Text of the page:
9 Lives -- Film Review

Berlin runaways documentary takes a strikingly original approach to familiar material.

VIENNA -- Voices from the street are given ample space to be heard in Maria Speth’s "9 Lives" ("9 Leben"), a bold and formally audacious treatment of ever-topical themes of homelessless, family dysfunction and troubled youth. The title is a reference to the lucky escapes proverbially enjoyed by cats.

The prize for Best German Documentary at DOK Leipzig, where the picture world-premiered shortly before its Viennale screening, may prove the first among numerous festival awards for this fresh and compelling example of boundary-pushing non-fiction. TV play is also a given.

Speth's arresting technique is evident from the very start: Rather than the typical fly-on-the-wall, on-location style that documentaries on such subjects usually adopt, her seven subjects are interviewed in a bare, white-walled studio. The results, which present the speakers in a starkly flattering light, are relayed in crisp monochrome images courtesy of Reinhold Vorschneider's carefully-framed cinematography. The contrast with Vorschneider's slick work on Thomas Arslan's current outstanding thriller In the Shadows — shot in moody, downbeat color on 35mm — could scarcely be more extreme, showing off the veteran cinematographer’s impressive range.

But whereas 9 Lives' stark visual stylization is an inescapable element in its impact, this chiefly serves to concentrate our attentions on the speakers and their often-harrowing testimonies. As they recount their tales of often truly grim woe (alcoholism, drugs, parental suicide), we discover how they ended up finding an ad-hoc sense of community in Germany's famously tolerant capital. (Few are native Berliners.) "The street isn't the nicest place, but it's better than home," one remarks in what becomes a familiar refrain.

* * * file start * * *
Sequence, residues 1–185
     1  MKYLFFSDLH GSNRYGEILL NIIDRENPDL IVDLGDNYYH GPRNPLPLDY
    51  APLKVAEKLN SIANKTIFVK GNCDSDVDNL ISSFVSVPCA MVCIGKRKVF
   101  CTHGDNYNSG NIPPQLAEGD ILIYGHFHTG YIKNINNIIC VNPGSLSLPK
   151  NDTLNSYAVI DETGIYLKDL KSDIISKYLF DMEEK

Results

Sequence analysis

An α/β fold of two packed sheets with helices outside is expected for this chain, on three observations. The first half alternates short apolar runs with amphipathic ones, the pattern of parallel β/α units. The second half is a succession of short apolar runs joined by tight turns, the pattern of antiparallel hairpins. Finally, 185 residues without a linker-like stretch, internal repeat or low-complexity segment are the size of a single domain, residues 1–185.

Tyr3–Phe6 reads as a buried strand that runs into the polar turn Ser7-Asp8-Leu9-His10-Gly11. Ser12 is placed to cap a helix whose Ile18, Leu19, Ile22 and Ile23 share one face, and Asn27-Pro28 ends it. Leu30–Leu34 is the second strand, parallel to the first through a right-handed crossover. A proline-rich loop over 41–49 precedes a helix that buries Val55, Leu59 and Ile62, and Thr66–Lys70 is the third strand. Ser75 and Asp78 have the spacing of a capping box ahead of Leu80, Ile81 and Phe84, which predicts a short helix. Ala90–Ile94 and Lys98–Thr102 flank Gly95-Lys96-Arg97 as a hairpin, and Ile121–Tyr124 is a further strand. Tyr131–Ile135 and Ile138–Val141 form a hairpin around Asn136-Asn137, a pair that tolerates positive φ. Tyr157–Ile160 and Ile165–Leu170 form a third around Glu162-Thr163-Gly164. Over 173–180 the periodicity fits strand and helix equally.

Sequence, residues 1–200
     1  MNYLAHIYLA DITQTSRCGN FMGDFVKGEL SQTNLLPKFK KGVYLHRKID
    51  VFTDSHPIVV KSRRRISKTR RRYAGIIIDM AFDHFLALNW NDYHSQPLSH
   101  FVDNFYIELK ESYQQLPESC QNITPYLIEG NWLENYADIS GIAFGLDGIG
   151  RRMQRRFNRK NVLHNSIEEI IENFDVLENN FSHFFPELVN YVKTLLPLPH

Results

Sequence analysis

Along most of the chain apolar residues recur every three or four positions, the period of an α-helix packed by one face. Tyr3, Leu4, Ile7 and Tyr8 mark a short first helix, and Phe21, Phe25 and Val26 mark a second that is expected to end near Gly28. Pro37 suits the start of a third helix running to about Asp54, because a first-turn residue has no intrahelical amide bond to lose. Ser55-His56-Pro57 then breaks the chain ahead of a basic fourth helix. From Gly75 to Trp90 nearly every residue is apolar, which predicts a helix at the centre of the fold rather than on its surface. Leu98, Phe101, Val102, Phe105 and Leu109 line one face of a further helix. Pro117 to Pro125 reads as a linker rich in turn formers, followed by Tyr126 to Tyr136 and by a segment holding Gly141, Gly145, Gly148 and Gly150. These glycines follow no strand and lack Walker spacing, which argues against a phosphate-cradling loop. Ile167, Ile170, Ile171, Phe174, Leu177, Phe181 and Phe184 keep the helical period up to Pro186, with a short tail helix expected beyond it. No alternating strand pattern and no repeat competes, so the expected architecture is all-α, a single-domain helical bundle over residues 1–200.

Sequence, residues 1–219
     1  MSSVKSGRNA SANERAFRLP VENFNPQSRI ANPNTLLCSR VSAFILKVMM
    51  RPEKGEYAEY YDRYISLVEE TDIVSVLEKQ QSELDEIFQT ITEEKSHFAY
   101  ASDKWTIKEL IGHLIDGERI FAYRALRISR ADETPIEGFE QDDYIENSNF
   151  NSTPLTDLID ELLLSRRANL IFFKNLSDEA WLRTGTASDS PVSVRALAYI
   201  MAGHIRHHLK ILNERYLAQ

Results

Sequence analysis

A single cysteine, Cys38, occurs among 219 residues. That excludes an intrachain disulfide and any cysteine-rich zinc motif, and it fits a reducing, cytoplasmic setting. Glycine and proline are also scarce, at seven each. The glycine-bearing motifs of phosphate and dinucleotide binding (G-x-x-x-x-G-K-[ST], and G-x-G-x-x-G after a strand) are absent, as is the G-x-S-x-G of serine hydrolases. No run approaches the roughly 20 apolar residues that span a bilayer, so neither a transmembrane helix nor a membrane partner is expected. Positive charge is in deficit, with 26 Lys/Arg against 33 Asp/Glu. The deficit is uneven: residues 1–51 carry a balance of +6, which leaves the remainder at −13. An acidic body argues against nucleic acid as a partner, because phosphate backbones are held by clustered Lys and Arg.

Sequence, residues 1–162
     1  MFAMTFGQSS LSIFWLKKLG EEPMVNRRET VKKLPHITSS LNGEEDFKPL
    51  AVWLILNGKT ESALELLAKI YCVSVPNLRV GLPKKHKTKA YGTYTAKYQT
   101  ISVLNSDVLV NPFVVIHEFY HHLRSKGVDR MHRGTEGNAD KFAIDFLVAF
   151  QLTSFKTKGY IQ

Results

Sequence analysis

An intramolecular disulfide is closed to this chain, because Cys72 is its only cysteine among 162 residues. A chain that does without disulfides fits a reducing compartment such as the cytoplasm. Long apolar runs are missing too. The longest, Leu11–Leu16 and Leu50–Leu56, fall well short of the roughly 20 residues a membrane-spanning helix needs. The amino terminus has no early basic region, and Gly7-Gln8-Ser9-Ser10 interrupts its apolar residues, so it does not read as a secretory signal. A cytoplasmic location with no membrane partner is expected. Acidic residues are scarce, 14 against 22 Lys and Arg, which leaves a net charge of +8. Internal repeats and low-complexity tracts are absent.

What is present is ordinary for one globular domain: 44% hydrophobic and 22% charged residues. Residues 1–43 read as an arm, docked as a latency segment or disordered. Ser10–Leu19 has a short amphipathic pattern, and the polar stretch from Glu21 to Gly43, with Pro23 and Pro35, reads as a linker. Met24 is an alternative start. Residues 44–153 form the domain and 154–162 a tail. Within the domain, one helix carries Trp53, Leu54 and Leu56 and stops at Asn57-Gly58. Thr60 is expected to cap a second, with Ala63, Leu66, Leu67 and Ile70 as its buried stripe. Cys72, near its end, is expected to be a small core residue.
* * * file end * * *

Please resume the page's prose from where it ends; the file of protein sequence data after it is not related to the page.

The five females, age-range from 16 to mid-20s, all speak solo. The two men — best pals Toni (a sharp-dressing 1920s jazz fanatic) and Krummel (a nervy, black-clad goth -- "I long for darkness") — are usually interviewed together. The latter pair, both musicians, also contribute tuneful interludes with their band, breaking up the succession of talking heads.

They may have done their fair share of sleeping under the stars, Speth implies, but these are talented, articulate individuals with opinions and idiosyncrasies, "just like normal people," even if many would at first glance dismiss them as layabouts, punks or spongers who don't have a future. 9 Lives is very much about second, third and even fourth glances.

Fluidly edited by Speth herself, the film marks a belated and promising feature-documentary debut at 43 after acclaimed fictional works such as 2007's Madonnas. The picture is evidently the product of a strong bond of trust between the director and her subjects. Off-camera questions are occasionally heard, but for the most part these are tough little soliloquies, gritty and flinty, with a welcome seam of hard-knock humor that ensures proceedings never become too bleak or depressing.